Let’s close in prayer

“Let’s close in prayer.” How many times have you heard that said, or said it yourself? It’s a typical and appropriate way to end a gathering of believers, in which we commit everything to God.

And in a way, it mirrors what Jesus did with his own disciples.

We’ve spent several posts digging into the Farewell Discourse near the end of the gospel of John. Jesus’ final words of encouragement and warning, as dire as they must have sounded, ended on a triumphant note: “But take heart! I have overcome the world” (John 16:33, NRSV). Knowing that he would soon be hanging on a cross, he then looked to heaven and began to pray.

We know from the gospels that Jesus had a habit of prayer, but we are seldom given the privilege of listening in. The so-called High Priestly prayer in John 17 is a stunning exception. Here, many of the themes of the Farewell Discourse and of the gospel of John itself come together in one magnificent whole.

We shouldn’t think of the prayer as uttered in a dejected monotone, as if Jesus were reluctantly resigned to his fate. He has just told the disciples that they should be encouraged because he has already overcome the world, and in the prayer itself, he speaks as if he has also completed all the work God has given him, despite the fact that he has not yet been crucified. Jesus’ words, therefore, probably have the tone of one who knows that he has completed a job well done, and therefore turns to pray for others who need God’s help.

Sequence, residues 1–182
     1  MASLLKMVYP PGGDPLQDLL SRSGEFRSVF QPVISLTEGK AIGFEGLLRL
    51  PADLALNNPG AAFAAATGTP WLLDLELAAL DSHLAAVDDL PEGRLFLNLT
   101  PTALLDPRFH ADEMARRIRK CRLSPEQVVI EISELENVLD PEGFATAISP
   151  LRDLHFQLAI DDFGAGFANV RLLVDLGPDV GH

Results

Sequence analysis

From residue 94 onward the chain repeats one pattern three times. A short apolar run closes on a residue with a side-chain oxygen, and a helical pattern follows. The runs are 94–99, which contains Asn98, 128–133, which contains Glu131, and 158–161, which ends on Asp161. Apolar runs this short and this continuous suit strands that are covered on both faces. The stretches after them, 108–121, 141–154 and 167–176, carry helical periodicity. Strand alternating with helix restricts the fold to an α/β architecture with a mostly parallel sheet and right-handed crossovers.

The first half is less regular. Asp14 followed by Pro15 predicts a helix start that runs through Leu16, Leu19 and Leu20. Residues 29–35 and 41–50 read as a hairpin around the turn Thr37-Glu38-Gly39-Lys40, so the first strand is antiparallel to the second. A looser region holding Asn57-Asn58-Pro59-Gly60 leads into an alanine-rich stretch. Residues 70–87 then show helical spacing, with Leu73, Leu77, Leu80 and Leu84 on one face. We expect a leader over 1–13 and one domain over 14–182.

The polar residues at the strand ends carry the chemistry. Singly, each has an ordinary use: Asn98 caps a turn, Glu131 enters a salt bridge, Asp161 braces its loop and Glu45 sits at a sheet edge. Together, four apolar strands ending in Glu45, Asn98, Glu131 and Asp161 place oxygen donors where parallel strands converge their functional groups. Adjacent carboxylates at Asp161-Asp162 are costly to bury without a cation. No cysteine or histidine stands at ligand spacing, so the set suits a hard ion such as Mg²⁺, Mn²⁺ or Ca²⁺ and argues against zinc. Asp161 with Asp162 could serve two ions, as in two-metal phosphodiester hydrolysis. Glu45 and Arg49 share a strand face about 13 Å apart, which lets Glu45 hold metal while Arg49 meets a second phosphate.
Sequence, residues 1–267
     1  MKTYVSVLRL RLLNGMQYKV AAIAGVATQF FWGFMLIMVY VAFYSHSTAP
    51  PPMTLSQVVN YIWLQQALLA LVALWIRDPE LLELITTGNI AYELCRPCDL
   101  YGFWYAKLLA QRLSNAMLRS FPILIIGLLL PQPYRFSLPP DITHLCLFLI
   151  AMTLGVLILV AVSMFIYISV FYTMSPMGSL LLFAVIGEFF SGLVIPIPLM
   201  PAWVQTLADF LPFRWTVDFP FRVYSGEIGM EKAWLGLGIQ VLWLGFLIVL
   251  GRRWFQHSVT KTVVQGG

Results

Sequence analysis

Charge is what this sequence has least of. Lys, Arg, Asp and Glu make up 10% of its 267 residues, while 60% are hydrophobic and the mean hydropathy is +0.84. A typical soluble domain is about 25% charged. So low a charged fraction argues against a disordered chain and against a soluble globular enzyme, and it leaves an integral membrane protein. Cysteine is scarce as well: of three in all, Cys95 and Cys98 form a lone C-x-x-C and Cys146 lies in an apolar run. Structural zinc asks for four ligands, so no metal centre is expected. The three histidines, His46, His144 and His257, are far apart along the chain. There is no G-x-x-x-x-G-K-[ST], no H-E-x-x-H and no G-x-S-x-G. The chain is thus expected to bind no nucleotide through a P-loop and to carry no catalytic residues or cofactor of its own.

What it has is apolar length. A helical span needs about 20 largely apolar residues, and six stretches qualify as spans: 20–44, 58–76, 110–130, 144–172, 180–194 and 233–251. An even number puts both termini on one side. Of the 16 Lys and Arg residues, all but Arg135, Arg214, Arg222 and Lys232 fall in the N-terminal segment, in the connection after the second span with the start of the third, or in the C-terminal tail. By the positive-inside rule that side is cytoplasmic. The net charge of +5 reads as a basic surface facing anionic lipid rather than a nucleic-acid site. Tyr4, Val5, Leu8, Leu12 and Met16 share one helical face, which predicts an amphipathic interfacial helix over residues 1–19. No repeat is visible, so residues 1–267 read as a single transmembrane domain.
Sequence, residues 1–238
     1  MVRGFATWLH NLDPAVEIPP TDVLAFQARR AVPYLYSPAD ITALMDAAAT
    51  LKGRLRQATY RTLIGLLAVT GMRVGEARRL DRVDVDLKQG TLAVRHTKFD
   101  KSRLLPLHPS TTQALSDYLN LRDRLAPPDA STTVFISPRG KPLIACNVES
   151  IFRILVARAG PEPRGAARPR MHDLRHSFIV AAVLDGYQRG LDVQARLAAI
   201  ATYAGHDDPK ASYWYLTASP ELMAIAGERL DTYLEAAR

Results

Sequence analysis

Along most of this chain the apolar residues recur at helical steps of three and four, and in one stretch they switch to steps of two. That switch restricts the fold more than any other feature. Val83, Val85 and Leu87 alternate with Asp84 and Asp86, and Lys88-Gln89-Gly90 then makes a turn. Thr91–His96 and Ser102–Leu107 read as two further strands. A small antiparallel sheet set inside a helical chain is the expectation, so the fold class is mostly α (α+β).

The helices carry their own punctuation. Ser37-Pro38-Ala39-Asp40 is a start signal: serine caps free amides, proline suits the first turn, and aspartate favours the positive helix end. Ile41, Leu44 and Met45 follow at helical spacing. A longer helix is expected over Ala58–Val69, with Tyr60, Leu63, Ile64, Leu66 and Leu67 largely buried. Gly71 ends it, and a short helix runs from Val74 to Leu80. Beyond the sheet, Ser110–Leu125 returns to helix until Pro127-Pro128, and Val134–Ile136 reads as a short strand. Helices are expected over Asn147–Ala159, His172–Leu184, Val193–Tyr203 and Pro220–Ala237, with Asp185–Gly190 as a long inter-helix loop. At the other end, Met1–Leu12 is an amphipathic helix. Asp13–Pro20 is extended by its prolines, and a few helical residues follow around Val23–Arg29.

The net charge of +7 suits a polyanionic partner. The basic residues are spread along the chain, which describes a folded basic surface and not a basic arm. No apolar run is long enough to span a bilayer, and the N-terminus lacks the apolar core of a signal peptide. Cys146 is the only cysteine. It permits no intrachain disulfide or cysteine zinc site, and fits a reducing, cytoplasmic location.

John has no account of Jesus’ anguished prayer in Gethsemane as Mark and Matthew do. In fact, as we’ll see in an upcoming post, John’s narrative of the arrest in the garden gives us instead a Jesus who is large and definitely in charge. That’s not to say that he hasn’t been troubled by the knowledge of what’s to come. But that comes earlier in the story:

Jesus answered them, “The hour has come for the Son of Man to be glorified. …Now my soul is troubled. And what should I say—‘Father, save me from this hour’? No, it is for this reason that I have come to this hour. Father, glorify your name.” Then a voice came from heaven, “I have glorified it, and I will glorify it again.” (John 13:23, 27-28)

That prayer is now echoed as Jesus begins to pray in front of his disciples a final time: “Father, the hour has come; glorify your Son so that the Son may glorify you” (17:1). The heading for this section in the NIV is a little misleading: “Jesus prays to be glorified.” Well, yes…but in both John 13 and 17 the ultimate purpose is for the Father to be glorified through the Son.

Maybe that sounds like splitting hairs, given that Jesus is supposed to be one with the Father. Doesn’t glorifying one mean glorifying the other? Again, to some extent, yes — but by that logic, why would Jesus bother to pray in the first place? What we are given is the example of the human Jesus living in perfect obedience to the Father’s will, for the Father’s glory. The words of his prayer arise out of that relationship.

Jesus is about to demonstrate just how far that loving obedience goes. And for this part of the story, closing in prayer is absolutely the most appropriate thing to do.